Dr. Maryam Rahman is a research fellow in Dr. Reynolds’ lab at the University of Florida. Dr. Rahman is also a 4th year neurosurgery resident with a strong interest in neuro-oncology and novel therapy development. She has been responsible for BMP receptor/pathway activation experiments and the application to the NIH and FDA for testing of BMP 4 in human malignant glioma.
Dr. Rahman’s research on BMP4 and cell lines has recently been funded through a collaborative effort within the United Forces Against Brain Tumors. Just One More Day along with Gunner’s Magic Train and the Musella Foundation joined together to support her research. BMP4 has been shown to cause human glioblastoma cancer stem cells to become end cells that have a limited number of cell divisions and are more easily killed. The question is whether this effect can occur with other types of glioma cells.
Questions & Answers:
Where do you get cancer cell lines from?
Cancer lines are created by taking fresh tumor tissue from a surgical specimen. This tissue is dissociated into single cells and then placed in culture with growth factors. These cultures are placed in an incubator at 37 degrees C (like all cultures) and nurtured with media and growth factors until they start proliferating. Once the cells start proliferating, after several days, they outgrow their culture flask and need to be "passed" which means that they are dissociated into single cell suspension. Some of these cells are placed in a new flask with media and growth factors. The other cells can also be placed in culture (to expand the number of cells you produce) or used for experiments. Here at the University of Florida, we obtain our tumor tissue from the Florida Center for Brain Tumor Research. They obtain consent from the patients pre-operatively. Tissue is collected intra-operatively and given to us for cell culture and experimentation.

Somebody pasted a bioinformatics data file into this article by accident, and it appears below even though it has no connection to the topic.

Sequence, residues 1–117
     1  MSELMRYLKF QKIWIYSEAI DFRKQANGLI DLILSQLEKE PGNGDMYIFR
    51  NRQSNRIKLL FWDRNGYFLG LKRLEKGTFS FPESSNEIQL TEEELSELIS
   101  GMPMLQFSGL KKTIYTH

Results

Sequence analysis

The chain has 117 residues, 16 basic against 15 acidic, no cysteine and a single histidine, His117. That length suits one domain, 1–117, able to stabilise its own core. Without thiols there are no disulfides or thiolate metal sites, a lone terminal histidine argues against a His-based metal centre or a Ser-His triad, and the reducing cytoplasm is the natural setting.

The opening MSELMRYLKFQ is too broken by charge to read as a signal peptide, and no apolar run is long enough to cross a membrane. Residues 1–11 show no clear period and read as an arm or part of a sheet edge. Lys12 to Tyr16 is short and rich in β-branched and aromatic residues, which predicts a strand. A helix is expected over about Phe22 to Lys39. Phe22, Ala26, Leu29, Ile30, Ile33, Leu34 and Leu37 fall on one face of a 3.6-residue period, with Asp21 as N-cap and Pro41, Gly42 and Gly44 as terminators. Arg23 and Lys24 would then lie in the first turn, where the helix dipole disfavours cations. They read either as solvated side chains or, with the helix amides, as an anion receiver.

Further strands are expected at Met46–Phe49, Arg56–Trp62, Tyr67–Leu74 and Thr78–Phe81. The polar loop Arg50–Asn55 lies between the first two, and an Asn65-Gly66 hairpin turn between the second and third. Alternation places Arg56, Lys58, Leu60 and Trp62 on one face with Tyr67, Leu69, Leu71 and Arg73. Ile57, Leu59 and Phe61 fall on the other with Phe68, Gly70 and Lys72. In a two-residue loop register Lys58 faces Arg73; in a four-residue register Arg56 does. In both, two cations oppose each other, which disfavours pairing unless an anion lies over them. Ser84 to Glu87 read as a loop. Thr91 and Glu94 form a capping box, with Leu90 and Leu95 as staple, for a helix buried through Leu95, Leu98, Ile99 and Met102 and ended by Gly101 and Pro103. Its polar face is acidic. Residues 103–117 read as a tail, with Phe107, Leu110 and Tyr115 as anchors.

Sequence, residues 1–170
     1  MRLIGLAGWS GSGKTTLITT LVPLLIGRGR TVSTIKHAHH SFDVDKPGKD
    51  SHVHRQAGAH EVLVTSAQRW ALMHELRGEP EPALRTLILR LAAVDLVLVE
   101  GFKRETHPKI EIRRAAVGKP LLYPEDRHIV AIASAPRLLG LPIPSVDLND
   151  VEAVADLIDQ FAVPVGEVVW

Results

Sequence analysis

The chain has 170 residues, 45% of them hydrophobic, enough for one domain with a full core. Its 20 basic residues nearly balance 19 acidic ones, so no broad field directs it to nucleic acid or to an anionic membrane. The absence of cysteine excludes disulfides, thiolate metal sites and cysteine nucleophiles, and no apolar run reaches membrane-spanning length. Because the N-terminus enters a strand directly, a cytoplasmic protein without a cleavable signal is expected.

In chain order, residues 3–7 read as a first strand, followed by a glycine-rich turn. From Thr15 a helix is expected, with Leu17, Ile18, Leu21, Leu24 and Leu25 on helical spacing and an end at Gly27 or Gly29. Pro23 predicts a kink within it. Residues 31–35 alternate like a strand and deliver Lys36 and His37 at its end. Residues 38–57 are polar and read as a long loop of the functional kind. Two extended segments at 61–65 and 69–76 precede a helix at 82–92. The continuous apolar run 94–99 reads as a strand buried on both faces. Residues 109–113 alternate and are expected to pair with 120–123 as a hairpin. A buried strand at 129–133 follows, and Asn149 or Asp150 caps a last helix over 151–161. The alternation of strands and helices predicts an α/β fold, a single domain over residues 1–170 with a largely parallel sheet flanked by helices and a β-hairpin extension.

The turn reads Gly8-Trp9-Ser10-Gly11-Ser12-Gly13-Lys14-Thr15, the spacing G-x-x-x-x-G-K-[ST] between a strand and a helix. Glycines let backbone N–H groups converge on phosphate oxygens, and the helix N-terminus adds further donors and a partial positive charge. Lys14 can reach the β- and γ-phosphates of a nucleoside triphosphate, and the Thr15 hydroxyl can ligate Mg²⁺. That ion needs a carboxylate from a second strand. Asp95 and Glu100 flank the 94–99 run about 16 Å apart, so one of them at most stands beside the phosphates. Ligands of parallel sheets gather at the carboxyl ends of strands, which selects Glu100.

Would each individual's tumor grow out a different type of cell line?
Absolutely. Every patient's tumor is unique and therefore, having multiple lines of a type of tumor is beneficial for experimentation. Even within a certain type of tumor, there is variation in behavior and response to drugs.
Why does one use a cell line?
Cell lines are useful because it gives you an endless supply of tumor cells to use for experiments. If the cells we obtain from tumor tissue are fixed and used immediately for experimentation (which we do if we have a lot of cells and have some left over after placing them in culture), it could only be used once. The cell lines allow us to experiment with the tumor indefinitely.
Are cell lines stable or do they change over time?
Cell lines do not usually change over time. However, culture conditions do select out certain cells that can grow in media and growth factors. Therefore, cell lines are not always completely representative of the original tumor. This is the biggest argument against cell line work. I think cell line work is an important first step in understanding tumor biology, but it has to be supplemented and followed by animal and finally human work.
If there is a biopsy is there enough tissue to do what is needed therapeutically and perhaps to grow out a cell line?
Unfortunately, there is usually not enough tissue from a biopsy to do anything other than pathologic analysis. We only get tissue that is given to us after the pathologist takes what is necessary for diagnosis.
Dr. Rahman, you are saying that there are no cell lines of diffuse intrinsic pontine gliomas. Since we do not have cell lines but we have had biopsy and autopsy tissue which show most of these tumors to be gliomas , but not all GBMs, then it could follow that it might be important to find an agent that works on a wide variety of gliomas to try to cure DIPGs?
I do think that experimentation using other low grade glioma cell lines may be relevant to the treatment of DIPGs. You are absolutely correct with that question. I think that's why it's important to experiment with BMP in gliomas other than GBM.
Bone morphogenetic proteins inhibit the tumorigenic potential of human brain tumour-initiating cells.
Nature. 2006 Dec 7;444(7120):761-5